In the third quarter call, AutoZone CEO Bill Rhodes attributed the relatively weak performance to delayed income tax refunds, another mild winter, and sluggish consumer demand during the first 5 weeks of the quarter.

To mitigate sales weakness, management has re-evaluated one of its inventory initiatives and is in the process of reducing the frequency of deliveries. In addition, a closer look at the quarter shows sales acceleration during the last seven weeks, with comps increasing approximately 2%. Management expects that trend to carry over into the fourth quarter.

Amazon’s entrance into the fray, while not to be taken lightly, may be a bit overblown for a few reasons. First, the challenging environment in brick-and-mortar retail may be more due to a shift in consumer discretionary spending preferences than most investors expect. This aspect appears corroborated by CEO Bill Rhodes third quarter call’s comments that it seemed more tax refunds were being directed outside of the sector.

While a shift in discretionary spend would not be a favorable development, there are several underlying consumer trends that will likely provide tailwinds. Key drivers affecting demand for failed parts, a category that contributes nearly half of AutoZone’s revenue, include miles driven and vehicle age. Both are trending in the right direction as vehicle age is up to 11.6 years in 2016 from 10.6 in 2010 and miles driven increased 3% in 2016.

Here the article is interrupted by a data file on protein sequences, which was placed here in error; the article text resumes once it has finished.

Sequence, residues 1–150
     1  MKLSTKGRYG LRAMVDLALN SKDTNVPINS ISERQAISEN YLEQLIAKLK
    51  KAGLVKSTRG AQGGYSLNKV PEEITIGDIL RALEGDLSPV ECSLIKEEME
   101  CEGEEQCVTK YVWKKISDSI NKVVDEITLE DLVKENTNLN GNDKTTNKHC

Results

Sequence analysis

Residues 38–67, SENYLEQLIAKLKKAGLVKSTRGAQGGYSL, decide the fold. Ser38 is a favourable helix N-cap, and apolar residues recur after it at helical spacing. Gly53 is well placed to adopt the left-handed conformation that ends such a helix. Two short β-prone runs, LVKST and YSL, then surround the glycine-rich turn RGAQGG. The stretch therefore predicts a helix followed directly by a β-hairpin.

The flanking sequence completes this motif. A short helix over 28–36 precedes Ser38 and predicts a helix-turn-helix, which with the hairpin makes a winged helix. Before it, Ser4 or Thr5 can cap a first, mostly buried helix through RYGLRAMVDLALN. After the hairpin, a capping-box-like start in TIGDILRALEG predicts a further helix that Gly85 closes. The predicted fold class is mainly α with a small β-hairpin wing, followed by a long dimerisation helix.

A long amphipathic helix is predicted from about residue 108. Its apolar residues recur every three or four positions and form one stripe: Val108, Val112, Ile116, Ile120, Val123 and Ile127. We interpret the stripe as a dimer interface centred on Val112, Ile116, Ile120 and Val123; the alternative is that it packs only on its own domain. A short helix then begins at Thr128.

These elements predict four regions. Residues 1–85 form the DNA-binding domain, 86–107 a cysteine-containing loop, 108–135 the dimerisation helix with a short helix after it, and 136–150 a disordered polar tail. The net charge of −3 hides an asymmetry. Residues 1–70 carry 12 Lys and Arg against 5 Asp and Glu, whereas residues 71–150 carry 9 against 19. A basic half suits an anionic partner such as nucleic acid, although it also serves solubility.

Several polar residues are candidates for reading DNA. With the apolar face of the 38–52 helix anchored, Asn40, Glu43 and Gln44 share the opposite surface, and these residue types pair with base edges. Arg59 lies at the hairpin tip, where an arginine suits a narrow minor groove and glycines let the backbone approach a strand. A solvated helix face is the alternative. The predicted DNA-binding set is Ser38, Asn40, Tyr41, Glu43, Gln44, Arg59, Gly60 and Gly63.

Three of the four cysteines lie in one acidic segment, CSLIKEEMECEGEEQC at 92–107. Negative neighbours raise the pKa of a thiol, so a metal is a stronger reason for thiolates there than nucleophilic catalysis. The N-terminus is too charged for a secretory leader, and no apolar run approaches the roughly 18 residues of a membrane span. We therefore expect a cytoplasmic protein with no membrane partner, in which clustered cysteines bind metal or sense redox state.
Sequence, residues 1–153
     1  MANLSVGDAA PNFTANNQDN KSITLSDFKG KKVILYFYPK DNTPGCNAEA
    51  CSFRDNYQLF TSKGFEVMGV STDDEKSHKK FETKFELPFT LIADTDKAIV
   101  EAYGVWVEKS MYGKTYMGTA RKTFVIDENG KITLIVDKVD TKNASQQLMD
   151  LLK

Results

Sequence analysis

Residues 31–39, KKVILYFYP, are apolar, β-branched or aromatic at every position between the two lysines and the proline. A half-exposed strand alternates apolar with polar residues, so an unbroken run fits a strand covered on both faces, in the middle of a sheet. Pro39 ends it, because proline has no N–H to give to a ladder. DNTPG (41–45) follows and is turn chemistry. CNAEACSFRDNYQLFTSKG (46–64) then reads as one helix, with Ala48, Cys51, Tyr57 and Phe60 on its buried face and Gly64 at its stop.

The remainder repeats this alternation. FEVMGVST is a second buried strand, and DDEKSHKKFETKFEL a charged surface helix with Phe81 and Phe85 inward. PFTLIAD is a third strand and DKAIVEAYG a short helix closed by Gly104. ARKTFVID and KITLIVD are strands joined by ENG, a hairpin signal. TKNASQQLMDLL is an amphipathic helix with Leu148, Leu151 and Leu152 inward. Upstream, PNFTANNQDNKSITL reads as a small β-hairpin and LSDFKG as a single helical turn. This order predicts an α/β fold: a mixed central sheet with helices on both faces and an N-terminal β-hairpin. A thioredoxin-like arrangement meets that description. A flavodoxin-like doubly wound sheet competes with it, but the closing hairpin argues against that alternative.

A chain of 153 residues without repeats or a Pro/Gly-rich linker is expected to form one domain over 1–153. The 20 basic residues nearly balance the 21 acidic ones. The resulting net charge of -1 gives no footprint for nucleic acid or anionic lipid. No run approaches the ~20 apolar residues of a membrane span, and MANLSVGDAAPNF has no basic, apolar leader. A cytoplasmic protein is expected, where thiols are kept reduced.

In addition, and speaking to AutoZone’s moat, the auto-parts business is largely relationship-driven. AutoZone has long been a trusted provider of parts for repairs with an accessible, highly trained customer service team offering knowledge, advice, and simple diagnostics at no charge. This puts pure play e-commerce operators such as Amazon at a significant disadvantage.

Furthermore, both DIY and commercial customers are generally very time-sensitive. Both need parts as soon as possible to address transportation needs or to turn over their service bays. Amazon has taken measures to increase delivery times, but AutoZone’s mega hubs and distribution services allow for a wide range of products that appears difficult to compete with, at least in the short-term.

AutoZone’s Valuation: 17% Margin of Safety

AutoZone has averaged mid-single digit revenue growth over the past 5 years, with EBITDA margin steady at around 22%. Consensus Wall Street analysts expect low-to-mid-single digit revenue growth over the next several years with EBITDA margin relatively constant:


Under these assumptions, Finbox.io’s eight valuation models produce an average fair value estimate of $646.24, implying 17% upside to the stock at the time of writing:


Last Lap: AutoZone Attractive for Long-Term Investors

Screening for companies with high returns on invested capital is one approach for identifying companies with potential moats. AutoZone appears to have a healthy moat due to a well-known brand and cost-advantages from scale. While the stock has taken a hit in 2017, favorable underlying consumer trends and responsive management will look to boost the stock over the long-term. With approximately 17% upside, AutoZone appears worth a closer look ahead of earnings next week.

Article by Finbox.io